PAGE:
It is now limited to three west Wales rivers - the Towy, Teifi and Taf.

In 1929, 25 pairs were permitted to fish the river Towy, a number cut to 12 by 1935. Today just eight coracle fishing licences are issued by Natural Resources Wales for the river.

What is a coracle? Traditionally it was a small boat made with ash woven together to make a lattice and covered with a calico sheet then painted with three coats of bitumen paint - a mixture of tar, linseed and pitch and applied with a leather tassel as a paintbrush would just disintegrate.

But, in 1973, the river was dammed at its source and overnight the river level dropped, making shingle banks appear and making it difficult to stand up in the traditional boats.

A new-style fibreglass boat emerged. The boats are very light, with the traditional coracle weighing around 20lb.

A seat is placed in the centre with a seat support and two leather straps are attached, with the larger one used to carry the coracle over the fisherman's shoulders.

The smaller one is used to house the "cnocr" or "priest", the small wooden club used to stun the fish. When afloat, the boat can be used in as little as three to four inches of water.

Traditionally the paddle is painted at both ends in white so when it falls into the water in the dark it can be easily retrieved.

Meanwhile, the fishing lines were still being made of cow tail as recently as the 1960s.

For Malcolm Rees the traditional boat has a distinctive feel: "You can feel the river more in a traditional one.

"It's difficult to explain, but I feel closer to the water in a traditional one than in fibreglass."

What is the future for coracle fishing? The very future of coracle fishing as we know it is under threat.

With salmon stocks diminishing, an All Wales Inquiry is under way to investigate how to protect the remaining fish.

The Planning Inspectorate for the Welsh Government is conducting the inquiry into The Wales Net Fishing (Salmon and Sea Trout) Byelaws 2017.

The inquiry started in January in Newtown, Powys, and is set to end on March 7. Proposals being suggested include reducing the fishing season. Currently it runs from March 1 until July 31. It is suggested that the months of March and April could be shunted back into the closed season - leaving just May to July available for fishing.

An alternative proposal is to have a "catch and release" policy, effectively ending the ability of fishermen to make a living out of their catch. Naturally, while the fishermen understand the need to preserve stocks, neither option is welcomed by them.

They point to the fact that the reduction in stocks could be down to a number of reasons, including pollution, and not just because of over-fishing on the river.

But they fear that - after centuries of tradition - coracle salmon fishing could die out within 12 months if even a temporary ban on catching fish is imposed.

| For more information on the apprenticeship, contact Andrew Davies on 07896 009079 What it's like to paddle a coracle ON A cold but bright February morning I took to the Towy to try my hand at steering a coracle, writes Sandra Hembery.

After days of heavy rain, the river was too turbulent to be gentle on a mere novice, so I took instruction in the safe waters of the slipway. For the other hand to be free to fish, the coracle oar is held in one arm, with the shoulders used to steer the boat.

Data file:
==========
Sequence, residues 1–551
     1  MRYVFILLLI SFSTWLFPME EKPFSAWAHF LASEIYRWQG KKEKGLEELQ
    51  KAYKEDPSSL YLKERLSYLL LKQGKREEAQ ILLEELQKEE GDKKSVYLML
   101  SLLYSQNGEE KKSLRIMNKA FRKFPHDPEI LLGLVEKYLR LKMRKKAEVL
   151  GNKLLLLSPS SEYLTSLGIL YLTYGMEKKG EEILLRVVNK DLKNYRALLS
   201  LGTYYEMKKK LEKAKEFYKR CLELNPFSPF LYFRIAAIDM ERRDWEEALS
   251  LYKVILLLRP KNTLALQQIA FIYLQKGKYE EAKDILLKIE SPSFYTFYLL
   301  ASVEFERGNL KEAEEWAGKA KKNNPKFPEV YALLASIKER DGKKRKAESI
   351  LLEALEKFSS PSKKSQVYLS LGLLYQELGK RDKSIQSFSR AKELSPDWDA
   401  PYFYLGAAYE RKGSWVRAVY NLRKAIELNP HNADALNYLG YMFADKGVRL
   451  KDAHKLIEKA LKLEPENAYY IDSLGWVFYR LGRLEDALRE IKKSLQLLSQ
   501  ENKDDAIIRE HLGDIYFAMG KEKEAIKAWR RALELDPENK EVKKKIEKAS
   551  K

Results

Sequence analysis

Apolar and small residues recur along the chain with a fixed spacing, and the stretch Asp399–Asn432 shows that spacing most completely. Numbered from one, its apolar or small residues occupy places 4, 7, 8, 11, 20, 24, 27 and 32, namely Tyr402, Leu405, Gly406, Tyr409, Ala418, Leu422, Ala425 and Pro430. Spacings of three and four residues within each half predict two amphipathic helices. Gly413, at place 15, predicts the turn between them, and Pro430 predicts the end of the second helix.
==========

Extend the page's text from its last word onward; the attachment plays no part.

The oar is held at the 'two o'clock' position, with the skillful oarsman carving out a figure of eight gently in the water.

I wasn't a skilful oarsman. Neither could I remember how to complete a figure of eight when combined with the impossible task of staying afloat, sitting correctly in the boat and avoiding a crash! I was told it was impossible to sink the boat from the front. I very much doubted that in my case.

Within minutes my pathetic shoulders were feeling the strain of holding the oar steady and paddling in the shallow waters.

If there was a competition for going round in circles while simultaneously intending to go in a straight line I would have won it. And we won't mention the couple of times when there was a crunch of coracle on quayside.

Minutes later I watched humbly as professional coracle fishermen glided through the water, almost soundlessly pushing the craft to seemingly impossible speeds.

I won't even imagine how I would have fared A language of their own STILL spoken today, there are many words that relate only to the coracle - with some even geographically limited to certain rivers.

Based on the Welsh language, they unite the fishermen who continue the tradition. Here are just some of them: Astell Orlais (Towy) - the plank supporting the seat Ffiol (Towy) - the wooden bailer kept under the seat Clyfwchwr - the time to begin fishing Helingo (Teifi) - the process of covering a coracle Gafel - the claw at the top of a Teifi coracle paddle Sdol (Teifi) - the coracle stool or seat.

Towy fishermen also divided up the river into small areas and gave them names recognised only by themselves. They include Gwar Garw, Pwll Jini Ban and Llyn Owen.

My father said to me, 'don't worry, it's in your blood, it will come to you'


<B Andrew Davies, left, and Malcolm Rees coracle fishing on the the River Towy in Carmarthen Robert Melen
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Title Annotation:Features
Publication:Western Mail (Cardiff, Wales)
Geographic Code:4EUUK
Date:Feb 16, 2019
Previous Article:19 February 2019; TUESDAY.